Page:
United States District Court, D. New Jersey
OPINION AND ORDER
WILLIAM J. MARTINI, District Judge.
THIS MATTER comes before the Court on Defendants' motion, by way of an order to show cause, seeking to enjoin Plaintiffs from enforcing a settlement agreement (hereinafter, "the Agreement") in state court. Defendants also request that this Court hold a "fairness hearing" regarding the terms of the Agreement and the voluntariness of Defendants' decision to enter into the Agreement. For the reasons set forth below, the Court will DENY Defendants' motion.
In 2006, Plaintiffs commenced an action in this Court against Defendants, seeking, inter alia, costs they incurred and would continue to incur in connection with remediating a landfill site. In 2009, the parties entered into the Agreement, which provided that Plaintiffs would dismiss the suit in exchange for Defendants transferring the landfill site to Plaintiffs. The parties then entered into a Stipulation and Consent Order for Dismissal that this Court entered as so ordered on September 16, 2009 (hereinafter, "the 9/16/09 Stipulation and Order" or "the Order"). The 9/16/09 Stipulation and Order stated that Plaintiffs had 104 days to decide whether or not proceed with the Agreement; if Plaintiffs elected to proceed with the Agreement, the action would be dismissed with prejudice. The 9/16/09 Stipulation and Order also stated that the Court would retain jurisdiction over the matter until the expiration of the 104 day period. Plaintiffs elected to proceed with the Agreement and, pursuant to the Order, the matter was closed.
In September 2014, Plaintiffs filed a motion, by way of order to show cause, to enforce the Agreement and hold Defendants in contempt for failing to comply with its terms. On September 23, 2014, this Court denied Plaintiffs' motion on the grounds that the Court lacked jurisdiction to enforce the Agreement. Specifically, the Court held that the 9/16/09 Stipulation and Order - which resulted in dismissal of the case - did not provide that the Court would retain jurisdiction to enforce the Agreement. Instead, the Order provided that the Court would retain jurisdiction over the matter for 104 days after the Order's entry. Those 104 days having long expired, the Court held that it no longer possessed jurisdiction over the matter.
Soon thereafter, Plaintiff filed an action in the Superior Court of New Jersey seeking to enforce the Agreement. Dissatisfied with the terms of a settlement agreement it entered into seven-and-a-half years ago, Defendants argued to the state court that the Agreement was unenforceable for a multitude of reasons. Defendants claim that the state court judge instructed them to present their grievances regarding the Agreement to this Court. Subsequently, Defendants filed the instant motion, which asks this Court to enjoin Plaintiffs from enforcing the Agreement. Defendants contend that the Agreement is unenforceable because, inter alia, this Court did not appropriately analyze the fairness of settlement, Plaintiffs fraudulently induced Defendants to enter into the Agreement, Plaintiffs have not complied with the Agreement's terms, and Defendants were coerced into signing the Agreement. Defendants also contend that they are entitled to a "plenary hearing as to the voluntariness of the settlement...."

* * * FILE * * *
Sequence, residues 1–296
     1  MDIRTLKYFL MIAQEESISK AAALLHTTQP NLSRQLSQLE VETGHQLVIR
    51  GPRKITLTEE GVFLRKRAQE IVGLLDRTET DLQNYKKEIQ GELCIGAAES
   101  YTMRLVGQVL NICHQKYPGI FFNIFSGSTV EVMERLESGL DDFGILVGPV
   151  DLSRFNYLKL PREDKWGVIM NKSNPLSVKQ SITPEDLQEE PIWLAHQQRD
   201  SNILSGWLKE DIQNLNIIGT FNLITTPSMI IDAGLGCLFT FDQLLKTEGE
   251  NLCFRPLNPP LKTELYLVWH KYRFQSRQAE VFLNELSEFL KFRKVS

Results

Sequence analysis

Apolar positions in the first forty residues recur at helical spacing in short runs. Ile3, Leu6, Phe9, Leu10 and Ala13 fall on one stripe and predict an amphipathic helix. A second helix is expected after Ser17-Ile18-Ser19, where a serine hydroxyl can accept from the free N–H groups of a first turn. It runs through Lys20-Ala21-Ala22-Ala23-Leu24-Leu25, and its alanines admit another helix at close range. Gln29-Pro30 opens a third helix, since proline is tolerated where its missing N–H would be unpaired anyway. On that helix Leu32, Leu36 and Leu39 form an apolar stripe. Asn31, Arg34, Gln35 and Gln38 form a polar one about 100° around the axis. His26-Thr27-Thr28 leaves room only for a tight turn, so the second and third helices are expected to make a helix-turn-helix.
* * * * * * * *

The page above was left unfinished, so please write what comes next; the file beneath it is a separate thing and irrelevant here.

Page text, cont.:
The Court will not reach the merits of Defendants' arguments because it lacks jurisdiction to do so. The jurisdiction of federal district courts is limited and created solely by Congress. See, e.g., U.S. v. Jannotti, 673 F.2d 578, 624 (3d Cir. 1982). The Supreme Court has firmly held that where the parties to a dispute stipulate to its dismissal - as is the case here - there is no basis for "jurisdiction of the court over disputes arising out of an agreement that produces the stipulation." Kokkonen v. Guardian Life Ins. Co. of Am., 511 U.S. 375, 378 (1994). One exception to this rule is when the order dismissing the case provides that the Court will retain jurisdiction over disputes arising out of the settlement agreement that resulted in dismissal. Id. at 381. As explained in its September 23, 2014 decision denying Plaintiffs' motion to enforce the Agreement, the 9/16/09 Stipulation and Order did not provide that the Court would retain jurisdiction to enforce the Agreement; instead, it explicitly stated that the Court would retain jurisdiction for 104 days after the Order was filed. That period expired over seven years ago. Therefore, the Court did not have jurisdiction to enforce the Agreement in September 2014, and it does not possess jurisdiction to enjoin enforcement of the Agreement now. Stated plainly, the Court no longer has jurisdiction over this matter.
For the foregoing reasons and for good cause shown;
IT IS on this 9th day of February ...